ABAMUNE-L Tablets (Abacavir sulfate + Lamivudine)

Table of Content

Black Box Warnings

Hypersensitivity Reactions, Lactic Acidosis and Severe Hepatomegaly with Steatosis, and Exacerbations of Hepatitis B

Hypersensitivity Reactions

Serious and sometimes fatal hypersensitivity reactions, with multiple organ involvement, have occurred with abacavir, a component of abamune-l (abacavir and lamivudine) tablets.Patients who carry the HLA-B*5701 allele are at a higher risk of a hypersensitivity reaction to abacavir; although, hypersensitivity reactions have occurred in patients who do not carry the HLA-B*5701 allele (see warnings and precautions)

Abacavir and lamivudine is contraindicated in patients with a prior hypersensitivity reaction to abacavir and in HLA-B*5701-positive patients (see contraindications, warnings and precautions). All patients should be screened for the HLA-B*5701 allele prior to initiating therapy with abacavir/lamivudine or reinitiation of therapy with abacavir/lamivudine, unless patients have a previously documented HLA-B*5701 allele assessment. Discontinue ABAMUNE L immediately if a hypersensitivity reaction is suspected, regardless of HLA-B*5701 status and even when other diagnoses are possible (see contraindications, warnings and precautions).

Following a hypersensitivity reaction to abacavir and lamivudine, never restart abacavir and lamivudine or any other abacavir-containing product because more severe symptoms, including death, can occur within hours. Similar severe reactions have also occurred rarely following the reintroduction of abacavir-containing products in patients who have no history of abacavir hypersensitivity (see warnings and precautions).

Lactic Acidosis and Severe Hepatomegaly with Steatosis

Lactic acidosis and severe hepatomegaly with steatosis, including fatal cases, have been reported with the use of nucleoside analogues, and other antiretrovirals. Discontinue abacavir and lamivudine if clinical or laboratory findings suggestive of lactic acidosis or pronounced hepatotoxicity occur (see warnings and precautions).

Exacerbations of Hepatitis B

Severe acute exacerbations of hepatitis B have been reported in patients who are co-infected with hepatitis b virus (HBV) and human immunodeficiency virus (HIV-1) and have discontinued lamivudine, which is one component of abacavir and lamivudine. Hepatic function should be monitored closely with both clinical and laboratory follow-up for at least several months in patients who discontinue abacavir and lamivudine and are co-infected with HIV-1 and HBV. If appropriate, initiation of anti-hepatitis B therapy may be warranted (see warnings and precautions).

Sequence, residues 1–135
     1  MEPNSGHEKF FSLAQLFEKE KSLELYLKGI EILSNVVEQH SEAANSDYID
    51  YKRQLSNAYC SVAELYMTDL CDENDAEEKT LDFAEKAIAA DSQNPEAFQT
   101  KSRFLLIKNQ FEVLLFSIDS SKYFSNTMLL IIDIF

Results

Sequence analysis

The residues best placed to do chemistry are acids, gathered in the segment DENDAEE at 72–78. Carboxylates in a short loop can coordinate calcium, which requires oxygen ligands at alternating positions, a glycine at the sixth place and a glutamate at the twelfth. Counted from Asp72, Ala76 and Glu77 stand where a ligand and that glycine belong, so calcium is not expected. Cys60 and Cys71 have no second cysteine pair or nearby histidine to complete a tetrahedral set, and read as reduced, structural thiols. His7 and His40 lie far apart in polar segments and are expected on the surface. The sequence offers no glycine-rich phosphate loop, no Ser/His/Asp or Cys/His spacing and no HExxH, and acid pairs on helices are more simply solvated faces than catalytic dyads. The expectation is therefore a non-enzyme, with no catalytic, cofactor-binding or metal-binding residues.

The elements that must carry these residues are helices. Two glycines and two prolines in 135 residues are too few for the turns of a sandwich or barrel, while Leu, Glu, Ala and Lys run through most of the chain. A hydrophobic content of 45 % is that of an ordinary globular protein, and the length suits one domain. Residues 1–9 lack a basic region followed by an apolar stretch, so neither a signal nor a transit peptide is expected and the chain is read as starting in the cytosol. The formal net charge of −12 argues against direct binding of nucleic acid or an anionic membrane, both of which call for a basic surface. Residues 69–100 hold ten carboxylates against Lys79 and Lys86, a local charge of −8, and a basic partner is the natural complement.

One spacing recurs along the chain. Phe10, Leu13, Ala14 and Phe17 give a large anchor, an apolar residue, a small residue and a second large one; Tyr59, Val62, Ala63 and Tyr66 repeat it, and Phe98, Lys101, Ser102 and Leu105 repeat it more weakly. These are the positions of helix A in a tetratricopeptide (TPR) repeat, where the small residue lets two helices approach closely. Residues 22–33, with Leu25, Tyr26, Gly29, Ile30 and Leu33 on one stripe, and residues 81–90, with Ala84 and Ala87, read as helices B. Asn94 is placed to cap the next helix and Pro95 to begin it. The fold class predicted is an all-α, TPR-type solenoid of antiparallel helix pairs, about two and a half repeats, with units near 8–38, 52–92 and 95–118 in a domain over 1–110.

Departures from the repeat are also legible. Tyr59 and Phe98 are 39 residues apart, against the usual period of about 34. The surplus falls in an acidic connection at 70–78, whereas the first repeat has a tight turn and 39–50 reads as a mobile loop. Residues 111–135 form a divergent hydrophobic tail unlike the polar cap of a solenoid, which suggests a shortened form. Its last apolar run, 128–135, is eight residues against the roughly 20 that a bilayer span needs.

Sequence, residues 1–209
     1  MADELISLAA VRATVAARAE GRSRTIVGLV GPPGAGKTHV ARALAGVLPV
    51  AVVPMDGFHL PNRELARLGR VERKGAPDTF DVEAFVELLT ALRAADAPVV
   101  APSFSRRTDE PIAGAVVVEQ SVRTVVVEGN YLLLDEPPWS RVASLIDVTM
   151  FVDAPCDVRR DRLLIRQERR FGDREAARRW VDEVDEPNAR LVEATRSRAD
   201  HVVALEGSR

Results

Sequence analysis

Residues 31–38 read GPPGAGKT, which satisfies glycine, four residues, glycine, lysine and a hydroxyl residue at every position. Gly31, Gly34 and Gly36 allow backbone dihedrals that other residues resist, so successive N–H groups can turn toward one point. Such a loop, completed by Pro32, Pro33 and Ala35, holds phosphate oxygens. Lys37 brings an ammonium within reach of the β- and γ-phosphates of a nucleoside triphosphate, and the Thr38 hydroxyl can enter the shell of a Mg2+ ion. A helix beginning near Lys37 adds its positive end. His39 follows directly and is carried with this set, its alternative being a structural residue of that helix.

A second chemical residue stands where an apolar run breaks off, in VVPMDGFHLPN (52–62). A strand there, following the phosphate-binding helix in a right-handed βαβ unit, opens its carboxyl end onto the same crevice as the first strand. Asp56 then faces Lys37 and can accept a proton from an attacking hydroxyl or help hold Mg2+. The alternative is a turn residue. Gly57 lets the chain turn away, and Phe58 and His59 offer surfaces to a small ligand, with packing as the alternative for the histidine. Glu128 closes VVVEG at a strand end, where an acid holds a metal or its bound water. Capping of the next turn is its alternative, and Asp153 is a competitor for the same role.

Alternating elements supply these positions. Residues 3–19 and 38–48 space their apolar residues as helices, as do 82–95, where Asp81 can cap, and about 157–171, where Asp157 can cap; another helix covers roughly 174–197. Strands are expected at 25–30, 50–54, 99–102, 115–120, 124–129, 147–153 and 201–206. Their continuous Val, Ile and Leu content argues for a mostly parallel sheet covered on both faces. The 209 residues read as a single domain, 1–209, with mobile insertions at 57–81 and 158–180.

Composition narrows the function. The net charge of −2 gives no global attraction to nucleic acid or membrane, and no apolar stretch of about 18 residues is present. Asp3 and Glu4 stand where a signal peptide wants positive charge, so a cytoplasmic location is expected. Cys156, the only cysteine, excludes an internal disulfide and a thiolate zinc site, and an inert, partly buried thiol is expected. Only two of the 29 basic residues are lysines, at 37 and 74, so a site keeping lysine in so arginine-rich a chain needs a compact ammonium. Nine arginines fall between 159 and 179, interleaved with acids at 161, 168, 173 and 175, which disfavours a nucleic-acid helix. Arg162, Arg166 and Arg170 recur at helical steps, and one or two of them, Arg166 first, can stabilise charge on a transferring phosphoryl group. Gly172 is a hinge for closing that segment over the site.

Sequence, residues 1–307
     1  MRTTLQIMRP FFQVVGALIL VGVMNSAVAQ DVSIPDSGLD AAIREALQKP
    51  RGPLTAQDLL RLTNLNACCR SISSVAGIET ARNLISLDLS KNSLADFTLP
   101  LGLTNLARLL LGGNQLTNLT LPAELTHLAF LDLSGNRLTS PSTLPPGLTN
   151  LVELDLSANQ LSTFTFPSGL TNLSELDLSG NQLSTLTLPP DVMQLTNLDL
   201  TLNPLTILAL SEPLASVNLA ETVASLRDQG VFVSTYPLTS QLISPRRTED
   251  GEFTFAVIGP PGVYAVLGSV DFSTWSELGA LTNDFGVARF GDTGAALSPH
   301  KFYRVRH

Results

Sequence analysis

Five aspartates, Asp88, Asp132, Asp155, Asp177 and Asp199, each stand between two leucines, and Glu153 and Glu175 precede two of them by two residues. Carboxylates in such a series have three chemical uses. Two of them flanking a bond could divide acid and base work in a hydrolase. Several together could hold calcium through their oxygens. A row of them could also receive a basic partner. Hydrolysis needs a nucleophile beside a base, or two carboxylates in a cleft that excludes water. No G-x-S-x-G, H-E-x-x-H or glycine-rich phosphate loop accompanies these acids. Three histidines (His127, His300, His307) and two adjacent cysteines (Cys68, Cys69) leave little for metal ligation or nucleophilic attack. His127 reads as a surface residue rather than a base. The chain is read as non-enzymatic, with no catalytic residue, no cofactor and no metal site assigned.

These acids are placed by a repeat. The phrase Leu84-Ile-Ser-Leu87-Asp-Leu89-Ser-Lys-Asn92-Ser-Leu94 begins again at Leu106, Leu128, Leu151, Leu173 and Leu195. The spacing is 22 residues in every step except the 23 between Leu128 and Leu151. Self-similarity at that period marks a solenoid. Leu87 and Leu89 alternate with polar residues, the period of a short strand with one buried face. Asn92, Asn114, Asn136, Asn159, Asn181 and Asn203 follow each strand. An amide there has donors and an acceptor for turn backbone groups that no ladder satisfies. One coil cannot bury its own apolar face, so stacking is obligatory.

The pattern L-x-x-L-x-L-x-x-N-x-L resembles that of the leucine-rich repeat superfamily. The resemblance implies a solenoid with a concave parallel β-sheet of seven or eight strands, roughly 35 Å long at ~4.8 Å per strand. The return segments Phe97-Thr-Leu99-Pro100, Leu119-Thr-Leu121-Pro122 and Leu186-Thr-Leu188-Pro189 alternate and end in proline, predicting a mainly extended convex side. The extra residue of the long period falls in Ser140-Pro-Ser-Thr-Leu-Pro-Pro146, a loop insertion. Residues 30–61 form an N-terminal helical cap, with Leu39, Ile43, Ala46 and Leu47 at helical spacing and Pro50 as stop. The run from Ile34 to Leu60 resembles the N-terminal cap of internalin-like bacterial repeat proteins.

Composition

ABAMUNE-L

Each film-coated tablet contains:

Abacavir Sulphate equivalent to

Abacavir.......................600mg

Lamivudine USP...........300mg

Description

ABAMUNE-L tablets contain 2 synthetic nucleoside analogues: abacavir and lamivudine with inhibitory activity against HIV-1.

Pharmacology

Pharmacodynamics

Abacavir

 Abacavir is a carbocyclic synthetic nucleoside analogue. Abacavir is converted by cellular enzymes to the active metabolite, carbovir triphosphate (CBV-TP), an analogue of deoxyguanosine-5′-triphosphate (dGTP). CBV-TP inhibits the activity of HIV-1 reverse transcriptase (RT) both by competing with the natural substrate dGTP and by its incorporation into viral DNA.

Lamivudine

Lamivudine is a synthetic nucleoside analogue. Intracellularly lamivudine is phosphorylated to its active 5′-triphosphate metabolite, lamivudine triphosphate (3TC-TP). The principal mode of action of 3TC-TP is inhibition of RT via DNA chain termination after incorporation of the nucleotide analogue.

Pharmacokinetics

Pharmacokinetics in Adults

Abacavir/Lamivudine

In a single-dose, 3-way crossover bioavailability trial of 1 abacavir/lamivudine tablet versus 2 abacavir tablets (2 x 300 mg) and 2 lamivudine tablets (2 x 150 mg) administered simultaneously in healthy subjects (n = 25), there was no difference in the extent of absorption, as measured by the area under the plasma concentration-time curve (AUC) and maximal peak concentration (Cmax), of each component.

Abacavir

Following oral administration, abacavir is rapidly absorbed and extensively distributed. After oral administration of a single dose of 600 mg of abacavir in 20 subjects, Cmax was 4.26 ± 1.19 mcg/mL (mean ± SD) and AUC was 11.95 ± 2.51 mcg•hr/mL. Binding of abacavir to human plasma proteins is approximately 50% and was independent of concentration. Total blood and plasma drug-related radioactivity concentrations are identical, demonstrating that abacavir readily distributes into erythrocytes. The primary routes of elimination of abacavir are metabolism by alcohol dehydrogenase to form the 5′-carboxylic acid and glucuronyl transferase to form the 5′-glucuronide.

Lamivudine